Jim Alexander is shown with part of his photography exhibit at the Roswell Cultural Arts Center. Alexander is one of the elders of Atlanta’s visual griots. He’s spent decades chronicling life in Atlanta’s black community from its music to churches to civil rights. Alexander didn’t pick up a camera until he was an adult, but his work has won him numerous accolades. He has a new book out and an exhibit at the Arts Center. CONTRIBUTED BY PHIL SKINNER
Photo: Phil Skinner
Photo: Phil Skinner

Jim Alexander has spent decades chronicling African American life

One of Jim Alexander’s favorite photos of Count Basie was not taken backstage or while he played in front of an audience.

It was taken in the men’s room at a Buckhead school in 1981.

Basie was performing at a fundraiser, and the two started chatting about New Jersey, where both were born.

Alexander, with Nikon in hand, asked to take a photo before Basie “got dressed up.”

The legendary jazz pianist smiled.

“Well, c’mon, ‘cause I gotta get out on stage.”

“Most of the time, I don’t ask,” said Alexander, 84. “If you see a shot, you take it. If you want to get permission every time you saw something, then the moment isn’t there any longer. I like to show people doing what they do. If it’s a musician, I want to capture them creating their art.”

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Alexander, an award-winning Atlanta photographer and activist who has spent more than five decades chronicling black life from the civil rights movement to music and current culture, recently published a book of his work, “SOS Signs of Struggle: Photographs by Jim Alexander,” and has an exhibit on display at the Roswell Cultural Arts Center on Forrest Street.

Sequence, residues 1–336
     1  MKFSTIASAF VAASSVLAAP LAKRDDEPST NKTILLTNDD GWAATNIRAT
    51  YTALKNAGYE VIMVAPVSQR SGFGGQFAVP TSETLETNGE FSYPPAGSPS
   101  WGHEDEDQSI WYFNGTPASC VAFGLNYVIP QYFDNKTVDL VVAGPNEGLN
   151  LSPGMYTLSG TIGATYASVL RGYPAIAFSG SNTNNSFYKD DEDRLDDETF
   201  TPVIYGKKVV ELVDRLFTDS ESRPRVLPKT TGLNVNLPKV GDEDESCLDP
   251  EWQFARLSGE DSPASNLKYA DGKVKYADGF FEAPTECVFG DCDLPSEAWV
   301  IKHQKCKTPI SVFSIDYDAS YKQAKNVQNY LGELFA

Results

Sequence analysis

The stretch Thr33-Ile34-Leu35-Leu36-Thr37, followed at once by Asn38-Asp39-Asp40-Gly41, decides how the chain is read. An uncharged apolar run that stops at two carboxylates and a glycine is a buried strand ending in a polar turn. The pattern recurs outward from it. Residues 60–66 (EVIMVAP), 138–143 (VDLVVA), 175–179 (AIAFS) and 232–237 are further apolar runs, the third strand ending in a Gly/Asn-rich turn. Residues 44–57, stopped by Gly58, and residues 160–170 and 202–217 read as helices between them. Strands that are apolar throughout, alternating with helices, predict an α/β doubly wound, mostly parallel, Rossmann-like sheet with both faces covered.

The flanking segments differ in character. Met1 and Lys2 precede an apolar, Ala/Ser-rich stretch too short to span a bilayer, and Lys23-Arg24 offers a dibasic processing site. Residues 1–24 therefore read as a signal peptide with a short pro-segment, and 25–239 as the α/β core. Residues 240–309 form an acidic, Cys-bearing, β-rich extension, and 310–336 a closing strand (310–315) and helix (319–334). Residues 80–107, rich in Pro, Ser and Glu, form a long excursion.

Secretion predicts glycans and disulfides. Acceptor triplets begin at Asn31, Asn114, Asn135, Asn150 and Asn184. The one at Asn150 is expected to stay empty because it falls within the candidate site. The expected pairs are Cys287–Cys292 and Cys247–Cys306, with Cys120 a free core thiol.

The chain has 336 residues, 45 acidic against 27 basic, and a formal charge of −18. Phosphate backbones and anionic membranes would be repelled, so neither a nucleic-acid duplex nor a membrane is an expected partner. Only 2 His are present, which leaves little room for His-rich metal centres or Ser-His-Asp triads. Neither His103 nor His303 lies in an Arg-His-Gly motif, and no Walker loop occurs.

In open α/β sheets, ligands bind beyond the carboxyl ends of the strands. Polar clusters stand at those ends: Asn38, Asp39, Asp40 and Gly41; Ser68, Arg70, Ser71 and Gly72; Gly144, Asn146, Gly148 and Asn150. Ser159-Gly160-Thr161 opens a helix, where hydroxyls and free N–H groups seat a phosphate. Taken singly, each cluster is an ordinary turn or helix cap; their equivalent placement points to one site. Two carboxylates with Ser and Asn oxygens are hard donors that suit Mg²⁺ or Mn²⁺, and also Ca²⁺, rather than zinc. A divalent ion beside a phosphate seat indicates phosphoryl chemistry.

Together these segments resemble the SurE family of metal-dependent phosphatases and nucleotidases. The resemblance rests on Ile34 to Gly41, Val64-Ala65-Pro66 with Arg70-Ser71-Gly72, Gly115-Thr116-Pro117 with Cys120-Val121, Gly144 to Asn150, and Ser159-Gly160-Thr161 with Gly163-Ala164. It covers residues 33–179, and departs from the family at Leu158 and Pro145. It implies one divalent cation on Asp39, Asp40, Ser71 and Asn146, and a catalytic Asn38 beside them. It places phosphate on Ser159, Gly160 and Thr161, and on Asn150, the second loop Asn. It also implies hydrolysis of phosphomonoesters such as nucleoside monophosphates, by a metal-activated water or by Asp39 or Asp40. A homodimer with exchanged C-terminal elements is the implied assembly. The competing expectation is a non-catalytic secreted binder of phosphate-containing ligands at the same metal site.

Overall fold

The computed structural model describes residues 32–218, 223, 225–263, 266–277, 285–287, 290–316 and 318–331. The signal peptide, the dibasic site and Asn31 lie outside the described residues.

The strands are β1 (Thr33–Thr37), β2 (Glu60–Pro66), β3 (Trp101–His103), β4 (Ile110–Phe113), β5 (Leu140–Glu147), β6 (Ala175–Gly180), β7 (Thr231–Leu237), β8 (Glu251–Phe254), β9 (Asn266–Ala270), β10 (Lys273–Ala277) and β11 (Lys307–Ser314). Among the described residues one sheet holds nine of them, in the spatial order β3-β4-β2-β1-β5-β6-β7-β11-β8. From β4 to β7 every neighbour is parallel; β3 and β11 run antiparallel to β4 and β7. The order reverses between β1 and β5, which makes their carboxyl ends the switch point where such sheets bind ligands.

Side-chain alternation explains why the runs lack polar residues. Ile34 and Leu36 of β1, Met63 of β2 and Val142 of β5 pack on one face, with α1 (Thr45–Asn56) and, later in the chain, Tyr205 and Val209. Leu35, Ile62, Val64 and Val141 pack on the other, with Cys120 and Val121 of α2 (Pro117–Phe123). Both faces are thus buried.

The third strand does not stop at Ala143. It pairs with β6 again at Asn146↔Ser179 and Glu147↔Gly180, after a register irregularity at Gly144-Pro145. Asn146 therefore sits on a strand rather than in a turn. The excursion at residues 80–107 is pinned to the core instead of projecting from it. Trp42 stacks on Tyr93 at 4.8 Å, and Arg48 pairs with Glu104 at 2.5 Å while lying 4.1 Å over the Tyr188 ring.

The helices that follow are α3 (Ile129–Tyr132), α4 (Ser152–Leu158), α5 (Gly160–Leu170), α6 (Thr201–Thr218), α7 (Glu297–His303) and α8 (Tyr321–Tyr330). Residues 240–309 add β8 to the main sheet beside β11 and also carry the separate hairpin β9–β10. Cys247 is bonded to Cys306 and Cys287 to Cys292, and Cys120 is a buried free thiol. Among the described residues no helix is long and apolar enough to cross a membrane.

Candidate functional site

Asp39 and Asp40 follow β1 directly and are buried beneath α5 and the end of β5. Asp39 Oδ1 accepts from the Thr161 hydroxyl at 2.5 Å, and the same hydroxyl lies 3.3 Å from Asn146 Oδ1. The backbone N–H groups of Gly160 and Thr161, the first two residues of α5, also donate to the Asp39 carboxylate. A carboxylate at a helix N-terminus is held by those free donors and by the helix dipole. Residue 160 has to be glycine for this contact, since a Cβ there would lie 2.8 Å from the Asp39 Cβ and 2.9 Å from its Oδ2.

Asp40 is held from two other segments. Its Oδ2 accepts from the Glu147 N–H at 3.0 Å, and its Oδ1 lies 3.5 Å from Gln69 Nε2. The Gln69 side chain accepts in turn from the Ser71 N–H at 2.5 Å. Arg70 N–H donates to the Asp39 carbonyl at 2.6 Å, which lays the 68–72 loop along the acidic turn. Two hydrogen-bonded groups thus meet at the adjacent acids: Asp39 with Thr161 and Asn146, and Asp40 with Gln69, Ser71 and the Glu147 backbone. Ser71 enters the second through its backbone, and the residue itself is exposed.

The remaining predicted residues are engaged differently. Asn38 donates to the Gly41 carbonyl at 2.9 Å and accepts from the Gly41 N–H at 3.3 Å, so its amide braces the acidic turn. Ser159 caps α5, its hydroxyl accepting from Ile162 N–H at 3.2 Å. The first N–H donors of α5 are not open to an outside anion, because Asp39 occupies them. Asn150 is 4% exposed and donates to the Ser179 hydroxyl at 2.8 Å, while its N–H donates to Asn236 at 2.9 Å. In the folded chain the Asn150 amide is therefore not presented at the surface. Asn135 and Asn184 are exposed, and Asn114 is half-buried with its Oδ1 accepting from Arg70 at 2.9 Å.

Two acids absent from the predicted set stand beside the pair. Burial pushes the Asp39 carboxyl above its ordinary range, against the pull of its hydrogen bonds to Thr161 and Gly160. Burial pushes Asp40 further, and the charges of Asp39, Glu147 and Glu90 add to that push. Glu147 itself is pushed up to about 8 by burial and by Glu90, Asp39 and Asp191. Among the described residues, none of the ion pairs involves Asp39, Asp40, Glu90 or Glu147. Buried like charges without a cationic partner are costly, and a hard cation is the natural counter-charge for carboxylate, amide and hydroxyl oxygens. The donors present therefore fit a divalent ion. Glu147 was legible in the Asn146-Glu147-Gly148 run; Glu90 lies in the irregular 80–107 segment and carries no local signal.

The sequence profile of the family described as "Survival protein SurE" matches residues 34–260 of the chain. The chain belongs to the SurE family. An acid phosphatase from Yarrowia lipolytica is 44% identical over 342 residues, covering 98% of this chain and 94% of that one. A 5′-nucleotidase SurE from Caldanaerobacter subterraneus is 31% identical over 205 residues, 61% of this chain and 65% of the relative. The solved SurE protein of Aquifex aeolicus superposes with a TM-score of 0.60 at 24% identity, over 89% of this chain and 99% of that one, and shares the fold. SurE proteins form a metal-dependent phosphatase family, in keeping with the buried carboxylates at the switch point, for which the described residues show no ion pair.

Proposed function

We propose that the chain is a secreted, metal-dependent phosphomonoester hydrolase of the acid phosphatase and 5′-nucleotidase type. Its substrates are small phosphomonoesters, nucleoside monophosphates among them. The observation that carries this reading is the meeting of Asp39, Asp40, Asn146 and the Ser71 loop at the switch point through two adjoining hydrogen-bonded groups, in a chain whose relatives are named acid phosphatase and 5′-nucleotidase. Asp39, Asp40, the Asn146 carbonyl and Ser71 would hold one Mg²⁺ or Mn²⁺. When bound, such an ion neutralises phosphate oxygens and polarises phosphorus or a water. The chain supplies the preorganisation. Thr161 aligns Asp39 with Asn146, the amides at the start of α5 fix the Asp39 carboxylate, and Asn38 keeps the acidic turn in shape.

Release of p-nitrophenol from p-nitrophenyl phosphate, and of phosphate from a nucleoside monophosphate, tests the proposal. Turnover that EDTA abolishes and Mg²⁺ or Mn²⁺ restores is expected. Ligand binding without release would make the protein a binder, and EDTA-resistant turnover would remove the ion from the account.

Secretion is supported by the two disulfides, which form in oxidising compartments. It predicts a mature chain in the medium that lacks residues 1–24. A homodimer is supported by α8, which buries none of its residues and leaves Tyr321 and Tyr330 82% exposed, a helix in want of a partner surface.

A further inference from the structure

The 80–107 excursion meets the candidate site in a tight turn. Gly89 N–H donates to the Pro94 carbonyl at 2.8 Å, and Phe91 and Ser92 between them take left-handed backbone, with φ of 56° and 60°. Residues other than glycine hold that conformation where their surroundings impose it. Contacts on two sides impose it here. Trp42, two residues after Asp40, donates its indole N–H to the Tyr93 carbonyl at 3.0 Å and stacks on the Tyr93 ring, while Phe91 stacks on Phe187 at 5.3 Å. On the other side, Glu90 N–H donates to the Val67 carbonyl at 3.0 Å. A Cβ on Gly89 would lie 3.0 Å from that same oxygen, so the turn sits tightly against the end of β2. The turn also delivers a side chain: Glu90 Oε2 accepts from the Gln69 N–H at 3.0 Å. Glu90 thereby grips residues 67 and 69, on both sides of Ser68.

Romare Bearden at the Neighborhood Arts Center in Atlanta in 1978. Taken during Bearden’s  historic visit to the NAC.  CREDIT: Jim Alexander

The exhibit, which includes about two dozen photographs, runs through March 31.

His lens has frozen in time people engaged in protest marches and rallies, and leaders such as former Mayor Maynard Jackson, artist Romare Bearden and a jubilant Johnnetta Cole surrounded by a cadre of famous black female writers at her inauguration as the seventh president of Spelman College.

Photo of Jim Alexander shooting at a KKK demonstration in Tupelo MS 1978. Photo credit: by Charles Harris

Alexander, said Donna Clayton, the cultural arts center’s coordinator, is “an Atlanta treasure. Jim is a renowned member of Atlanta’s cultural community, recognized for his work at the Neighborhood Arts Center and mentoring young artists, and bringing attention to Atlanta as a hub of black art and culture through his touring exhibits. This exhibit pays homage to the many contributions black musicians have made to America’s cultural landscape, with a particular focus on jazz.”

“SisterLove” is a photograph of Johnnetta Cole (top center) and several well-known African-American writers including (in no specific order) Pearl Cleage, Nikki Giovanni, and Sonia Sanchez. CREDIT: Jim Alexander 

The Atlanta-based photographer, who describes himself as a “participant observer,” has spent decades documenting America’s black community.

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“A lot of things I’ve done are for personal reasons,” he said. “I was very much involved in the nonviolence social action movement. I documented marches and rallies. I love music, so I spent 50-something years just documenting all black music — jazz, blues, gospel.”

Alexander works out of studio space in southeast Atlanta. Dozens of photos hang on his walls. And that’s just a small sample.

In all, his collection, stuffed in file cabinets scattered around the office, includes between 25,000 and 30,000 images.